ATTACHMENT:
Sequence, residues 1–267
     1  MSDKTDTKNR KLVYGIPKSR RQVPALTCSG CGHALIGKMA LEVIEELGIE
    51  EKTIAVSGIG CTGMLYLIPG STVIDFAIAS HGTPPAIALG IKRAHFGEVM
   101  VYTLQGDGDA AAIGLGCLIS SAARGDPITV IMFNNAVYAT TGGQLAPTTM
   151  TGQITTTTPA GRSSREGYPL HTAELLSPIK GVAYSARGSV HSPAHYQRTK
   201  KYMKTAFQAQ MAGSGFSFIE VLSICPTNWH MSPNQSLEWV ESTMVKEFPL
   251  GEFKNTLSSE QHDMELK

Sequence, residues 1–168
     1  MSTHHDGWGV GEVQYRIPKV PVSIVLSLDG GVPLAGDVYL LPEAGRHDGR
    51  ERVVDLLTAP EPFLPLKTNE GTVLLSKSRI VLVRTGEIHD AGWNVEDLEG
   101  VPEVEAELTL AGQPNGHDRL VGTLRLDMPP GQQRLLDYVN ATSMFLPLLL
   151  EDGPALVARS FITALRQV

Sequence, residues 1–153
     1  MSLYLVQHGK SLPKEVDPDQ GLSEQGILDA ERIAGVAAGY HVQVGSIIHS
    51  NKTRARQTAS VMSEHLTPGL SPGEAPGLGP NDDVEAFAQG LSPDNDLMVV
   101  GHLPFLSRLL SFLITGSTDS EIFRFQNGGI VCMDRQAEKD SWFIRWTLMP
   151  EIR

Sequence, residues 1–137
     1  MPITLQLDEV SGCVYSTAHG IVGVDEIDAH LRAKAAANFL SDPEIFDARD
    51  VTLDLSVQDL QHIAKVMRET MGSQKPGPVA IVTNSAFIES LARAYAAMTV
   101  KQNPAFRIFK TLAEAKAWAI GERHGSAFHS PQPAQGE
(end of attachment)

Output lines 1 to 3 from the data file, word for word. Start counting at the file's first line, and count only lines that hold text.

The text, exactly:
Sequence, residues 1–267
     1  MSDKTDTKNR KLVYGIPKSR RQVPALTCSG CGHALIGKMA LEVIEELGIE
    51  EKTIAVSGIG CTGMLYLIPG STVIDFAIAS HGTPPAIALG IKRAHFGEVM